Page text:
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New York State: Expansion and Modernisation of Long Island Rail Road

Long Island Rail Road
Floral Park Station, Long Island Rail Road, New York State © Wagon16 (licence)

Andrew M. Cuomo, Governor of New York State, has announced $2.6 billion of investment to expand the Long Island Rail Road (LIRR), including the construction of a third track.

The investment includes 50 projects to modernise 9.8 miles of the main line of the LIRR between Floral Park and Hicksville. In addition to adding a third track the projects include removing seven grade crossings from the corridor, adding new traction-power substations and parking, and updating the infrastructure for the track and signalling systems. Bridges along the line will also be widened or heightened to prevent strikes from vehicles.

In addition, positive train control systems will be installed on the line to improve safety in accordance with the requirements of the Federal Railroad Administration.

Governor Cuomo said:

“Since the 1940s, people talked about adding a third track and modernizing the Main Line corridor – and now we’re actually doing it. These projects taken together will create smoother and more reliable service for LIRR passengers while at the same time improving public safety by eliminating dangerous grade crossings. The LIRR is the backbone of the region’s economy and this expansion effort will boost growth for generations.”

The main line has become the most congested section of the LIRR because 40% of passengers on the service pass through it. However, the modernisation is intended to facilitate smoother and more reliable commutes with safer and quieter crossings. The new infrastructure should also reduce the levels of noise and air pollution produced by the line. All track on the line will be replaced with new structures that include advanced dampening technology. Sound barriers will be installed along six miles of residential areas which border the main line.

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Long Island Rail Road, New York State © Metropolitan Transport Authority (licence)

This plan differs significantly from past proposals for modernising the LIRR because previous plans have not suggested eliminating grade crossings or modifying bridges, but would have required compulsory purchase of residential properties, which the new version has managed to avoid.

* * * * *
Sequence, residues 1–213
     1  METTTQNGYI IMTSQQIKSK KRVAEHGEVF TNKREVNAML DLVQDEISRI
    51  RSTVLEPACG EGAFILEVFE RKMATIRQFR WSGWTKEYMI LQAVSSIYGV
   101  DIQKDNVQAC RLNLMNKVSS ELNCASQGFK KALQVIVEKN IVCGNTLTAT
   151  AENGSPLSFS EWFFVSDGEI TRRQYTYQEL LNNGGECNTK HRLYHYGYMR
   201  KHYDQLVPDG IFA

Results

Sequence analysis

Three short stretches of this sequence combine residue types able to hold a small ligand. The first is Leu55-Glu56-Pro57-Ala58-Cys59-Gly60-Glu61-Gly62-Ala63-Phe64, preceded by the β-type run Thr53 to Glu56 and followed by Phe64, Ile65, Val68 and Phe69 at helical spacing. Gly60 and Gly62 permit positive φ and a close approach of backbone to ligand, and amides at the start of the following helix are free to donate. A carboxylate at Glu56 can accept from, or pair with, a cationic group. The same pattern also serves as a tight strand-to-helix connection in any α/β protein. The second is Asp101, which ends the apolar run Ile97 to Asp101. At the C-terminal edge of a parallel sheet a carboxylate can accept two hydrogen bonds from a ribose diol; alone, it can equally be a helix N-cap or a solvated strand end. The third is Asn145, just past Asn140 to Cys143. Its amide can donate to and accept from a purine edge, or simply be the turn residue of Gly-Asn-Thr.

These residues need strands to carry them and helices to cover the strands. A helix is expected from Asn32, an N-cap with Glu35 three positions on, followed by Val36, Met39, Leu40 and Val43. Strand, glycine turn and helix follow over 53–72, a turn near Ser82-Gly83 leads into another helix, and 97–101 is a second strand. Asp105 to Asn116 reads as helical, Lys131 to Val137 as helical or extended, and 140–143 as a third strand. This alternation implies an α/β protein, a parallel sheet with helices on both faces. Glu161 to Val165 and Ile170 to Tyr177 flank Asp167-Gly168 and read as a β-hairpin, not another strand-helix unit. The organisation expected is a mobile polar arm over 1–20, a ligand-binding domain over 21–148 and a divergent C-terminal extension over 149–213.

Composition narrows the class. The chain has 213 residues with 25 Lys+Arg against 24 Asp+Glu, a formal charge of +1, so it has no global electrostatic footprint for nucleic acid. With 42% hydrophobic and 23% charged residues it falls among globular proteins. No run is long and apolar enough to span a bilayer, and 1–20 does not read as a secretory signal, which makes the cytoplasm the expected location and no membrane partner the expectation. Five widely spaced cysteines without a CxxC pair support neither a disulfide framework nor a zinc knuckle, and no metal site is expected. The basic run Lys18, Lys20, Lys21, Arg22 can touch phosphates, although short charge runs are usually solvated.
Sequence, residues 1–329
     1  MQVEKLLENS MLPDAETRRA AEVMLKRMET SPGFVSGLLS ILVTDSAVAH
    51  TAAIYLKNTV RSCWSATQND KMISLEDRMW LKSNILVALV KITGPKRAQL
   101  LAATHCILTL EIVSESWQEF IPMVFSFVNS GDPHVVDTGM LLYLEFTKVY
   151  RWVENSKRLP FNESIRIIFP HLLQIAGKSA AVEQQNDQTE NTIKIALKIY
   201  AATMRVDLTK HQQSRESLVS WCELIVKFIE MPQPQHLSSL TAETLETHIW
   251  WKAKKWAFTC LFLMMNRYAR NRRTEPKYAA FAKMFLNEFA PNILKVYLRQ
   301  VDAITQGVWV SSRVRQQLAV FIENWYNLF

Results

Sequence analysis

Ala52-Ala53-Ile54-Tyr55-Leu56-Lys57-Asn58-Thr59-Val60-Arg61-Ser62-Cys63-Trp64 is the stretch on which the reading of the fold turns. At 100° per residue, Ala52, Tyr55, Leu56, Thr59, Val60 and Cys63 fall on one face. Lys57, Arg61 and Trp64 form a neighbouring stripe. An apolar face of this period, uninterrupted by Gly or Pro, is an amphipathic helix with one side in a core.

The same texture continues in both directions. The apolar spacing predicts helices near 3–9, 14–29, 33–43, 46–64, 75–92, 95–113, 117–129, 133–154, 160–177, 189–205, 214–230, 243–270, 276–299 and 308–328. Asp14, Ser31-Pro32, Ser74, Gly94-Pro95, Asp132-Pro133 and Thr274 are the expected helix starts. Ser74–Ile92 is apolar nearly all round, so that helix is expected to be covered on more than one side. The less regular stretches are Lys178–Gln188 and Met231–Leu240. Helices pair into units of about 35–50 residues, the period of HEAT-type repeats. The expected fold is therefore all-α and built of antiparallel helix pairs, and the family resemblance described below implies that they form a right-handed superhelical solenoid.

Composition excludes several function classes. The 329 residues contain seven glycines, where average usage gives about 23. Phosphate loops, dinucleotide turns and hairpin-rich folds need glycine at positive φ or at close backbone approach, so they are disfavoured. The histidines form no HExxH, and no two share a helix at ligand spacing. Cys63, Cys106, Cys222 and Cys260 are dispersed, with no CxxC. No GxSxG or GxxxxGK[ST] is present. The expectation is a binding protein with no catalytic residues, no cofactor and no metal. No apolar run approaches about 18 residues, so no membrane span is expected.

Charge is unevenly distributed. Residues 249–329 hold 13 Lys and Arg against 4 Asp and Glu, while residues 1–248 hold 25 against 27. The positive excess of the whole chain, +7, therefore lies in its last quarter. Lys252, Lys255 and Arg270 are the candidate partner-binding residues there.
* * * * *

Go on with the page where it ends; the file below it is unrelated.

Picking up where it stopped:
The LIRR has produced memoranda of understanding with the communities bordering the proposed third track to solicit engagement on traffic and parking, utilities, drainage, pest and dust control, transit-oriented development, construction schedule and duration and community safety and quality of life. The aesthetic aspects of designing features such as the sound barrier will also be discussed with the residents.

The projects are all expected to be substantially completed by the end of 2022.

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Joseph Lhota, Metropolitan Transportation Authority Chairman, said:

“Today is a grandly historic day for the LIRR and the MTA. This project will help the railroad overcome day to day operational challenges and dramatically increase capacity, and it will unlock the railroad’s potential to serve reverse peak travel and propel Long Island as an economic growth engine. It has been a wish list item for as long as the MTA has existed, and today it is clear it will become a reality.”

Philip Eng, President of Long Island Rail Road, said:

“The complete transformation of the Long Island Rail Road is what this region needs. Thanks to the leadership of Gov. Andrew Cuomo, it’s finally happening. With this historic investment, coupled with our LIRR Forward initiative, people across Long Island will begin to experience the world-class railroad they expect and deserve.”

The modernisation of the mainline is part of a $6 billion programme to transform the Long Island Rail Road in order to improve the transport infrastructure in the region and stimulate economic growth. The programme comprises a total of 100 projects, including reconstructing Jamaica Station, renovating 39 Long Island Rail Road stations and removing grade crossings.

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The LIRR has engaged with a broad range of individuals and organisations in the area, including community groups, local government officials and businesses. Feedback from these stakeholders influenced the development of commitments to the community and environment during the design phase of the programme.

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